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A Republican governor won’t send National Guard troops to the border

Massachusetts’s Charlie Baker cited the “inhumane treatment of children” as the reason for canceling the deployment.

Massachusetts Republican Governor Charlie Baker
Massachusetts Gov. Charlie Baker
Isaac Brekken/Getty Images for National Clean Energy Summit
Jen Kirby is a senior foreign and national security reporter at Vox, where she covers global instability.

A Republican governor has balked at sending National Guard troops to the US border in the wake of the Trump administration’s “inhumane treatment” of children.

Massachusetts Gov. Charlie Baker said Monday that “we told the National Guard to hold steady and to not go down to the border — period,” according to NBC 10 Boston. “We won’t be supporting that initiative unless they change the policy.”

He pulled back troops because “the federal government’s current actions are resulting in the inhumane treatment of children,” said Lizzy Guyton, the governor’s communications director, in a statement.

Baker had announced earlier this month that he would comply with Trump’s request to send National Guard personnel down to the border. None had been deployed, and Massachusetts’s contribution was modest: just a helicopter and two analysts, according to the Boston Globe.

“I’m hopeful that with the voices that are coming out at this point and making that case to them, that they will consider alternatives to deal with border security,” Baker said Monday, according to NBC 10 Boston. “Border security is important — no one disputes that — but separating kids from their families is not.”

The reversal came as the Trump administration pursues a “zero-tolerance” policy against people illegally crossing the border, even if they’re seeking asylum. The policy has resulted in the separation of families; between April 19 and May 31, approximately 2,000 kids were separated from their parents.

The Trump administration signed a proclamation in April to have states send National Guard troops to the US-Mexico border. Texas and Arizona, both southwestern border states, had sent troops. As Vox’s Dara Lind explained at the time, how the National Guard would assist border agents wasn’t entirely clear; National Guard troops aren’t authorized to arrest or participate in arrests of migrants and aren’t armed. Politico reported last week that National Guard troops were mostly in support roles, doing somewhat menial tasks like tending to horses and changing flat tires.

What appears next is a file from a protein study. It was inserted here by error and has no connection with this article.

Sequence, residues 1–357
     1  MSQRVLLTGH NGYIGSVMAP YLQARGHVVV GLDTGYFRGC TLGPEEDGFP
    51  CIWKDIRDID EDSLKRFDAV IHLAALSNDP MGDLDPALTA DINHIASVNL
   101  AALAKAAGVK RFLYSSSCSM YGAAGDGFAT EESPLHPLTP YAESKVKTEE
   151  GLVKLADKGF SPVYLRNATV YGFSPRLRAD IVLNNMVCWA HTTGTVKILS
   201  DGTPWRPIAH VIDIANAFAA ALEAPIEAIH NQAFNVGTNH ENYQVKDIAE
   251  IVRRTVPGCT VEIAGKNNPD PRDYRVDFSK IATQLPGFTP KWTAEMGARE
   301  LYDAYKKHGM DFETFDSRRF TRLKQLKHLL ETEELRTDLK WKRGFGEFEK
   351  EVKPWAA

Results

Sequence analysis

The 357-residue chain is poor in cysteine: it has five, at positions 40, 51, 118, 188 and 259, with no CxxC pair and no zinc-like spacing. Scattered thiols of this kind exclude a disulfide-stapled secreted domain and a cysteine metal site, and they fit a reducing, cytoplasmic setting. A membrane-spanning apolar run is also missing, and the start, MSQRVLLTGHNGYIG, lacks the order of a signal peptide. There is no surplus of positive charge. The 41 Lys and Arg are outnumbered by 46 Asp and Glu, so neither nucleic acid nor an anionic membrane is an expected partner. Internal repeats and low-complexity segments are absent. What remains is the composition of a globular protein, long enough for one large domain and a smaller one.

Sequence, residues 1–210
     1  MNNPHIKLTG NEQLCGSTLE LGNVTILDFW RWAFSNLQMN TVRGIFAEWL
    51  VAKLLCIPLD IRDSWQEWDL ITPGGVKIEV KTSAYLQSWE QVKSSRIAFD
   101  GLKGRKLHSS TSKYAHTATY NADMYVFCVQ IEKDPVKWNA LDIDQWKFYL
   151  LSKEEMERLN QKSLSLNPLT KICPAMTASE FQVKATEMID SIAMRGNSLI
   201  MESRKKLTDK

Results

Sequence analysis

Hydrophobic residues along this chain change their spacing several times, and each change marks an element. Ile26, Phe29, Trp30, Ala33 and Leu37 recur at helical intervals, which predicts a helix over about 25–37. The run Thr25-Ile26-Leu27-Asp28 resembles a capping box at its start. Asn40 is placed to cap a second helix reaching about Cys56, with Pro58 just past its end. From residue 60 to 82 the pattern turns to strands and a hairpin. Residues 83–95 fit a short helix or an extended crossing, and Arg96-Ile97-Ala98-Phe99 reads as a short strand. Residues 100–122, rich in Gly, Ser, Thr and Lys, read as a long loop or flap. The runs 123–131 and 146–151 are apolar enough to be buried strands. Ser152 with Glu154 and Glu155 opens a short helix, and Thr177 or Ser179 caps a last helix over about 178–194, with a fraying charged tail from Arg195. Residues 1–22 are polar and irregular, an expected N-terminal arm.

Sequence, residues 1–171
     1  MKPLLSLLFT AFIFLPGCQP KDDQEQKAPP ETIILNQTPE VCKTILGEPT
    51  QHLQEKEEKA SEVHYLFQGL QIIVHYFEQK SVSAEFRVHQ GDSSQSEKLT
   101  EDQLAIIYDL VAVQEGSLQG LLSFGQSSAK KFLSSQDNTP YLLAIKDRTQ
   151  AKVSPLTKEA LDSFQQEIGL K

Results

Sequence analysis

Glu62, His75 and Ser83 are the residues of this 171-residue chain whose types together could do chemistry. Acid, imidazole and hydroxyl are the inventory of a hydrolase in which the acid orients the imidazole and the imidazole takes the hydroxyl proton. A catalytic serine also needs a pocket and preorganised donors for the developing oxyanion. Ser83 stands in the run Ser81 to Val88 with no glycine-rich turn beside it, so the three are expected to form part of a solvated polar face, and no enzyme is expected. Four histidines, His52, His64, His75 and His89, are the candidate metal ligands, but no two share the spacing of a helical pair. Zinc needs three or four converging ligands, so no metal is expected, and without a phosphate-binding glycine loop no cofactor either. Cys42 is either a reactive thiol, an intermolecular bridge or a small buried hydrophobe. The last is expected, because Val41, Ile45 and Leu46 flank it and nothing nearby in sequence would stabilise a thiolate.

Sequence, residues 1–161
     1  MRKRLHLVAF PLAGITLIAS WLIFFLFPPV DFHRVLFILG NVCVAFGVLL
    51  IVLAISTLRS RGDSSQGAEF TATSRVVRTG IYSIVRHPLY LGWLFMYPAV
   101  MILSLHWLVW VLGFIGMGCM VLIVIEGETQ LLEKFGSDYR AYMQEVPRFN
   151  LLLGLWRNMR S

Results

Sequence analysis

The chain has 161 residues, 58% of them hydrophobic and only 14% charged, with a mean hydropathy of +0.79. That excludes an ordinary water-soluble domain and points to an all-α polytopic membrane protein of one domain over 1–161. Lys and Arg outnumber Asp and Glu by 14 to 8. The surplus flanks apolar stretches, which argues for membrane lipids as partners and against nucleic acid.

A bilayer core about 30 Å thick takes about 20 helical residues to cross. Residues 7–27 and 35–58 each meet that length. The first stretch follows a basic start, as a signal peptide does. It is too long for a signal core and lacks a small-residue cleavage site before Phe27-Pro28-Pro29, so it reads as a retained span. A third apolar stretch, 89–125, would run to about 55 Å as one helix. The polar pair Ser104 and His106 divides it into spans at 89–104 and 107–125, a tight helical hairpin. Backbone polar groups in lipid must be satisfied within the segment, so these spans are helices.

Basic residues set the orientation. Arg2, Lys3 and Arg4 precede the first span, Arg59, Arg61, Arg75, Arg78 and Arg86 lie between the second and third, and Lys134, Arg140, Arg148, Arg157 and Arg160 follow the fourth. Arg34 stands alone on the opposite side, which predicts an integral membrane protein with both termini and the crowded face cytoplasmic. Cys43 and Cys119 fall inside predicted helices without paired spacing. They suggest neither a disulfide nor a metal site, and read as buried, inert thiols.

Previous administrations, including Obama and Bush, deployed National Guard troops to assist at the border, so Trump’s request wasn’t remarkable for a US president. But his policy pursuing allowing for family separation is — and Baker, though from a blue state, is one of the first prominent (and not retiring) Republicans to take concrete steps to oppose the policy.

Other prominent Republicans have also challenged the administration’s support for family separation. Former first lady Laura Bush wrote an op-ed in the Washington Post in which she suggested the images were “eerily reminiscent” of Japanese-American internment camps during World War II. Her brother-in-law and former presidential candidate Jeb Bush also condemned the practice and blasted Trump for using children as a “negotiating tool.”

Sens. Jeff Flake (R-AZ) and Susan Collins (R-ME) sent a letter to the Department of Homeland Security about the practice of separating families, and Collins described the policy as “contrary to our values in this country” on Face the Nation on Sunday. But so far, neither has supported legislation that would prevent family separations within 100 miles of the US border, except for instances of abuse or neglect. The bill has support from all 49 Democrats.